Briefly: in our opinion, small (50% of the regular size of the position) speculative long position in gold, silver, and mining stocks are justified from the risk/reward point of view at the moment of publishing this Alert.
In yesterday's analysis, we wrote about the likely breakdown below the rising wedge pattern in the USD Index, the decline that was likely to follow, and the rally in gold and silver that was likely to emerge as a result. It all materialized in the above-mentioned way, but today's pre-market trading saw gold and silver moving lower, so you're probably wondering if the rally is already over.
In our view, it's not likely. Not yet.
First, let's take a look at the USD Index.
Is the USD Index Done Declining?
The breakdown below the very short-term rising wedge pattern resulted in a major decline. "Major" from the very short-term point of view as it's been the biggest daily decline that we saw this month. Apart from that, it was not very significant. The USDX closed right at its 50-day moving average without breaking below it, which is probably why the decline wasn't deeper. The 50-day MA has been providing support quite reliably in the previous months. It was not always strong support, but often meaningful enough to make it useful as a trading tool. It stopped the decline yesterday, but we continue to think that the index will still move lower, just as it did in two previous cases this year.
The green and blue dashed lines represent declines that are similar to the October decline. The rallies that followed them were quite sharp, but they too had smaller pauses within them. Both: March-April, and July rallies consolidated after the USDX moved above its 50-day moving average.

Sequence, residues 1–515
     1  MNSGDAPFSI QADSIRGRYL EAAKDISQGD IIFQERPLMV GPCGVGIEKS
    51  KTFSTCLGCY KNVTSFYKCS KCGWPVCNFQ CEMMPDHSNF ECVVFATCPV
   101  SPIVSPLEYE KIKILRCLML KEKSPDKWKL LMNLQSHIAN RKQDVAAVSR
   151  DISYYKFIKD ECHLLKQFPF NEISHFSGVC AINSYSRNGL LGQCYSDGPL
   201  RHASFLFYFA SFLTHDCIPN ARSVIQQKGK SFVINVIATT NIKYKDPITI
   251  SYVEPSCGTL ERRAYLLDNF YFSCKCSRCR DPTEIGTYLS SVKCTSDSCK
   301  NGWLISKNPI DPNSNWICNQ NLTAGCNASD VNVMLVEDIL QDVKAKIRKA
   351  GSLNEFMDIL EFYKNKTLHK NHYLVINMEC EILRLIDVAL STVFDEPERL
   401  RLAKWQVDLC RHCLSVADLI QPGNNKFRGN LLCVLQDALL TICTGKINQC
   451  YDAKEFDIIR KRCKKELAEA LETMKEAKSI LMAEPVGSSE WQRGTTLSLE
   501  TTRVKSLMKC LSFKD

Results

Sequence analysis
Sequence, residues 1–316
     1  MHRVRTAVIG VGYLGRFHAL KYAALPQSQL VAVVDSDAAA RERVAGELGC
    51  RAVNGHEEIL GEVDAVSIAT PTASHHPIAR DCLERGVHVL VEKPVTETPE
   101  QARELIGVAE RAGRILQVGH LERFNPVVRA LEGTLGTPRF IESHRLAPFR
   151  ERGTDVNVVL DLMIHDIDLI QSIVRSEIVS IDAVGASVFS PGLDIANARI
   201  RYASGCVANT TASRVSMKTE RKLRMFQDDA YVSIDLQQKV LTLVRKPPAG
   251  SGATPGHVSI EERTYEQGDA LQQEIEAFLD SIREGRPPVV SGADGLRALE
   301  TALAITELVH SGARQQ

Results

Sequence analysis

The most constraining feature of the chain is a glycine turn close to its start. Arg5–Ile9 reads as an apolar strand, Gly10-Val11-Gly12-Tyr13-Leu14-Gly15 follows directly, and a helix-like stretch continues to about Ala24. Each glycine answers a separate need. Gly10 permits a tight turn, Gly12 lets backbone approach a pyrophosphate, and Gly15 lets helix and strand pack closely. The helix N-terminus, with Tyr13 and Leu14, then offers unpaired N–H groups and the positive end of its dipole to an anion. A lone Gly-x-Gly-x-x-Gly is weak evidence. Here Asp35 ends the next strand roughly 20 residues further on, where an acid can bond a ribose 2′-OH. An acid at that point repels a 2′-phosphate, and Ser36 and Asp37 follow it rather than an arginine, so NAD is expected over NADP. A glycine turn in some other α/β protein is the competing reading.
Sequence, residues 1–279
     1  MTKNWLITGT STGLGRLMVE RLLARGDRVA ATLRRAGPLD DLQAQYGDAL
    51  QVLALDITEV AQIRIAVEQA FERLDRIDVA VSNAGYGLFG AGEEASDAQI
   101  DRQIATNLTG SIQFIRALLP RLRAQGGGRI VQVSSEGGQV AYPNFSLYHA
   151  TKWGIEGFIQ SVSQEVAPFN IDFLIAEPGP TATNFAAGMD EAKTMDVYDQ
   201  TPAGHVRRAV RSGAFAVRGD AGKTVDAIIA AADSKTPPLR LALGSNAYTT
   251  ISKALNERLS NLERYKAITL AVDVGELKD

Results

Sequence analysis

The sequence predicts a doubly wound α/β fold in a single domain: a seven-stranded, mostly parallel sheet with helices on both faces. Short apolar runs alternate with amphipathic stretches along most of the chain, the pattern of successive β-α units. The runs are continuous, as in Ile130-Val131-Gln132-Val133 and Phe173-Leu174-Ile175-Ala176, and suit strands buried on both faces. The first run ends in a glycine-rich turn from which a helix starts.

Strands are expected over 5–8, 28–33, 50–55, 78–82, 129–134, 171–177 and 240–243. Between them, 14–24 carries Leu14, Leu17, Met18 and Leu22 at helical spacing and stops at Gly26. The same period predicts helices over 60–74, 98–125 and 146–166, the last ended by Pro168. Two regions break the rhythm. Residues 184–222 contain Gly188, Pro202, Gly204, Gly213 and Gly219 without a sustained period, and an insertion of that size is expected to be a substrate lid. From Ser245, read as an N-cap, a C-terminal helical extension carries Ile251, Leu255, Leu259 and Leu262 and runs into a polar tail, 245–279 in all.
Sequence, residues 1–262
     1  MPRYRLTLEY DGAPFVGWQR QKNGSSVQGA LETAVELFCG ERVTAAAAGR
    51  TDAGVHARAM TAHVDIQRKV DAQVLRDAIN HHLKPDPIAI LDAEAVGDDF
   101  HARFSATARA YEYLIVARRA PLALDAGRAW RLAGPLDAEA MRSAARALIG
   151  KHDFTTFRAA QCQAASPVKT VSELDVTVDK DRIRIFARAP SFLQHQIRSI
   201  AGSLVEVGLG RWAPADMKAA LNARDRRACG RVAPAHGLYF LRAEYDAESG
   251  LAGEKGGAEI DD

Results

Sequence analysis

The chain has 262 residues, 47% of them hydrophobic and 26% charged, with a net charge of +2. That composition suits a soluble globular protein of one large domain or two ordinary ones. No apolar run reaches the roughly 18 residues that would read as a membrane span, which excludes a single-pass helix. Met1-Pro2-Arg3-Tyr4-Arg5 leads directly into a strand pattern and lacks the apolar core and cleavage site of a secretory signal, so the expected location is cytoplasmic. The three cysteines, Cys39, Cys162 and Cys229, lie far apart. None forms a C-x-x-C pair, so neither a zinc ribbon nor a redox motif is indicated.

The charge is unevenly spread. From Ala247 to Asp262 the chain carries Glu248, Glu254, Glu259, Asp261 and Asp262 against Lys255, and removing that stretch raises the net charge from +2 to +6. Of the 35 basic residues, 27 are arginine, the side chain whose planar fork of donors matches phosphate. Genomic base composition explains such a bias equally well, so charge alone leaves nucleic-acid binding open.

The short-term decline that we saw so far is too little compared to what we saw in early April and in mid-June. Consequently, the odds are that the USD Index will decline some more before soaring to new highs.
This means that gold is likely to move higher before plunging.
- If that's so, then why did gold decline in overnight trading?
No market can move up or down in a straight line and it's true not only in case of the big, long- or medium-term moves, but also in case of the immediate-term price swings. Gold corrected to its 38.2% Fibonacci retracement level after a 2-day rally, then it bounced and went on to decline a bit more. That's relatively normal and nothing to be concerned about. The very short-term outlook remains bullish. If gold breaks below the 61.8% Fibonacci retracement level ($1457), the above might change, but that's not the case so far.
Interestingly, both gold and silver invalidated their previous breakdowns in terms of the daily closing prices.
PMs Turning Higher